|US6955341 *||Apr 10, 2003||Oct 18, 2005||Huei-Tarng Liou||Apparatus for dissolving gas into liquid|
|US7137621 *||Sep 22, 2005||Nov 21, 2006||BAGLEY David||System for super-oxygenating water|
|US7243910 *||Jun 3, 2005||Jul 17, 2007||BAGLEY David||Cone system and structure thereof to produce super-oxygenated and structured water|
|US7658891||Aug 23, 2004||Feb 9, 2010||Barnes Ronald L||Air purification and decontamination for hazmat suits|
|US7703752 *||Jul 23, 2004||Apr 27, 2010||Yara International Asa||Method and equipment for mixing fluids|
|US8071526 *||Dec 6, 2011||Food Safety Technology, Llc||Aqueous ozone solution for ozone cleaning system|
|US8075705 *||Dec 13, 2011||Food Safety Technology, Llc||Reaction vessel for an ozone cleaning system|
|US8333171 *||Feb 8, 2010||Dec 18, 2012||Exen Holdings, Llc||Homogenizing fuel enhancement system|
|US8735337||May 20, 2009||May 27, 2014||Food Safety Technology, Llc||Aqueous ozone solution for ozone cleaning system|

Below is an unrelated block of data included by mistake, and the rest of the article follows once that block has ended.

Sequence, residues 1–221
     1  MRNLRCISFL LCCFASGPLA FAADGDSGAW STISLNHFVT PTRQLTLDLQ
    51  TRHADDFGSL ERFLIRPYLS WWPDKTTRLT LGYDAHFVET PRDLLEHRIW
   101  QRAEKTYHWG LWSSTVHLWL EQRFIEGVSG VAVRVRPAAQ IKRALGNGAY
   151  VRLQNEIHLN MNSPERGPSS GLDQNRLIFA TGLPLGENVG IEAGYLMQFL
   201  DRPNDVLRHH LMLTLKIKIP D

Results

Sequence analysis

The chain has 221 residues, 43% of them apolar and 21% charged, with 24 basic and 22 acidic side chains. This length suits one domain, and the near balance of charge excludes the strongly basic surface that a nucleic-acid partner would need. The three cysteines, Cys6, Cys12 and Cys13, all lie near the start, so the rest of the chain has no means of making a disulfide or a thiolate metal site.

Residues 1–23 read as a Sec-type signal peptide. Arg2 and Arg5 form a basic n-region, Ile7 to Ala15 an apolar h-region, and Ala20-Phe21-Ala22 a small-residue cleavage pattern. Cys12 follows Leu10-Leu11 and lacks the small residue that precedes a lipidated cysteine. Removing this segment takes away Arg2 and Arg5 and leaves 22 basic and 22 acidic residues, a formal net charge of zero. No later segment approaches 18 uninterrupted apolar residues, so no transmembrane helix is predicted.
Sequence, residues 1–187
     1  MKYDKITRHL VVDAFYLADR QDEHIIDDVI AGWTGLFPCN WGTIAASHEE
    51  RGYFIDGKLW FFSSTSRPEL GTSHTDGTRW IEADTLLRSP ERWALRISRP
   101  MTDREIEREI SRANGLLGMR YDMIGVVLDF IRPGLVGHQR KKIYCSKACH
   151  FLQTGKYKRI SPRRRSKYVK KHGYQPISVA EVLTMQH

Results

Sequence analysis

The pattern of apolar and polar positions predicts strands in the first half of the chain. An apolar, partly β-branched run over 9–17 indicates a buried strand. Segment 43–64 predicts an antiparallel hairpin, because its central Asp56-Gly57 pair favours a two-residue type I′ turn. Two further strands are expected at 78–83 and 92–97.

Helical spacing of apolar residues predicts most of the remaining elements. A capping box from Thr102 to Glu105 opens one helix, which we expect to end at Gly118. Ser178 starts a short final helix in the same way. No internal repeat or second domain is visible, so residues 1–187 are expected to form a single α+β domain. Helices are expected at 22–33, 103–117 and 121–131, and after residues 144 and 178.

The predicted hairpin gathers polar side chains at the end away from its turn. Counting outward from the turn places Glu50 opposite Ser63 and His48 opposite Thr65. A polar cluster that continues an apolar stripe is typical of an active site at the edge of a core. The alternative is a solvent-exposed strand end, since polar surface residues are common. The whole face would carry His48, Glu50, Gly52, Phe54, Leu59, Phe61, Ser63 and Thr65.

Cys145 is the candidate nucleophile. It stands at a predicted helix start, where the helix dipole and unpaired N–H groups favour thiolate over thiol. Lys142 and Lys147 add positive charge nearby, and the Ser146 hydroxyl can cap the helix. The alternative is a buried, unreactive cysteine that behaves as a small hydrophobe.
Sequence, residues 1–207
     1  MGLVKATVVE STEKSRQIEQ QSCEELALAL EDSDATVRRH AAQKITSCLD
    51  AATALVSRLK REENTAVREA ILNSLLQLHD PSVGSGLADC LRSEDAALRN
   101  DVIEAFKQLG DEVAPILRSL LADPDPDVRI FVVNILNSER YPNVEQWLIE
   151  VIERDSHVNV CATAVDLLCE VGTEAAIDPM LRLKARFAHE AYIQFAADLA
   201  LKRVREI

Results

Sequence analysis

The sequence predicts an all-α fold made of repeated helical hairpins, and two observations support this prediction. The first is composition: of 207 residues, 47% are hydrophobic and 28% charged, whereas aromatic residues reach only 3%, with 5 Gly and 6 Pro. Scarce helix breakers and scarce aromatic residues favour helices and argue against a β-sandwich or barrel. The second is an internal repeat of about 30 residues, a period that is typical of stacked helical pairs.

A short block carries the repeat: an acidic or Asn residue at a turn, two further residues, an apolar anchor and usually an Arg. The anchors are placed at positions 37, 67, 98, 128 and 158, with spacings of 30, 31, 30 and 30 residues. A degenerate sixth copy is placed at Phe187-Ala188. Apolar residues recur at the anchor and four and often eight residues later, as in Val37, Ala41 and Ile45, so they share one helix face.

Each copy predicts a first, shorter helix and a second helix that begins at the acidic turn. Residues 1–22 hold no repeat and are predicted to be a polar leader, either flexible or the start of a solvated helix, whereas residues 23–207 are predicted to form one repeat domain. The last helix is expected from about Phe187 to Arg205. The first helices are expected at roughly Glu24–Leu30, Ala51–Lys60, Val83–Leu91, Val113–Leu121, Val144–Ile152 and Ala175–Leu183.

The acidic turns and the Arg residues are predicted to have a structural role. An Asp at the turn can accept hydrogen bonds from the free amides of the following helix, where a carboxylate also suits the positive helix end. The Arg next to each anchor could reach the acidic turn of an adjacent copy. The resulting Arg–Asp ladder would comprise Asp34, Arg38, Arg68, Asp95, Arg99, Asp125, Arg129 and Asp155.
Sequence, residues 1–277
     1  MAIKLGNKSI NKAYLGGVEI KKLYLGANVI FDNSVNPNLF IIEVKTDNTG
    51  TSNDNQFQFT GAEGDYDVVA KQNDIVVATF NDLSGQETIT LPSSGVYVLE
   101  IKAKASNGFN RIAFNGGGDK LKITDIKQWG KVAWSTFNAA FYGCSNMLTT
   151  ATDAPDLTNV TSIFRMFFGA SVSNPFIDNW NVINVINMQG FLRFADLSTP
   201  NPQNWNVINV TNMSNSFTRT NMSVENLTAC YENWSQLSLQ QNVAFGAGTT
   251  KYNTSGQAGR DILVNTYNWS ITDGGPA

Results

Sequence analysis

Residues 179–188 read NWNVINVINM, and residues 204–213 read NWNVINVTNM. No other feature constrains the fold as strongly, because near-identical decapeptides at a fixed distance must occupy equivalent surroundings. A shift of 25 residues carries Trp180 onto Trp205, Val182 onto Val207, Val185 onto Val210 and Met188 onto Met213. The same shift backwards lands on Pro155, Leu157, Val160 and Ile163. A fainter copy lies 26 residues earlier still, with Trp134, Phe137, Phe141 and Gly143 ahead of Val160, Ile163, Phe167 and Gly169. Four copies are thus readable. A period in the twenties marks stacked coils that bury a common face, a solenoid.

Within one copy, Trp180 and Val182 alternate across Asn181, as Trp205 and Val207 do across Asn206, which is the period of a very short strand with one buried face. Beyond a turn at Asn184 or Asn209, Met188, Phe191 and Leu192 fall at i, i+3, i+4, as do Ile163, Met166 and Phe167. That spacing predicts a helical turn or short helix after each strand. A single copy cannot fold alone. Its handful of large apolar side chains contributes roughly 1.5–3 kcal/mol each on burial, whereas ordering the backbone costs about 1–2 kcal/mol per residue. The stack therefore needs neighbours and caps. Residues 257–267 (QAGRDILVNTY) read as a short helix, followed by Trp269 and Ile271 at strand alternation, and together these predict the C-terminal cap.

|US8771524||Feb 6, 2009||Jul 8, 2014||Purac Biochem B.V.||Vortex mixer and method of obtaining a supersaturated solution or slurry|
|US8991796 *||Oct 4, 2010||Mar 31, 2015||Yoshinori Nakamoto||Micro-bubble generator and micro-bubble generation device|
|US9068149||Mar 13, 2008||Jun 30, 2015||Food Safety Technology, Llc||Ozone cleaning system|
|US9174845||Jun 16, 2010||Nov 3, 2015||Food Safety Technology, Llc||Ozonated liquid dispensing unit|
|US9272924 *||Oct 25, 2012||Mar 1, 2016||ABC Sails, Inc.||Process and apparatus to remove and destroy volatile organic compounds by atomizing water in ozone atmosphere|
|US20040131514 *||Apr 10, 2003||Jul 8, 2004||Huei-Tarng Liou||Apparatus for dissolving gas into liquid|
|US20040217068 *||Jan 23, 2004||Nov 4, 2004||Alan Kirby||Method and system for treating water|
|US20060272991 *||Jun 3, 2005||Dec 7, 2006||BAGLEY David||System for tuning water to target certain pathologies in mammals|
|US20060272993 *||Jun 3, 2005||Dec 7, 2006||BAGLEY David||Water preconditioning system|
|US20060273006 *||Jun 3, 2005||Dec 7, 2006||BAGLEY David||System for enhancing oxygen|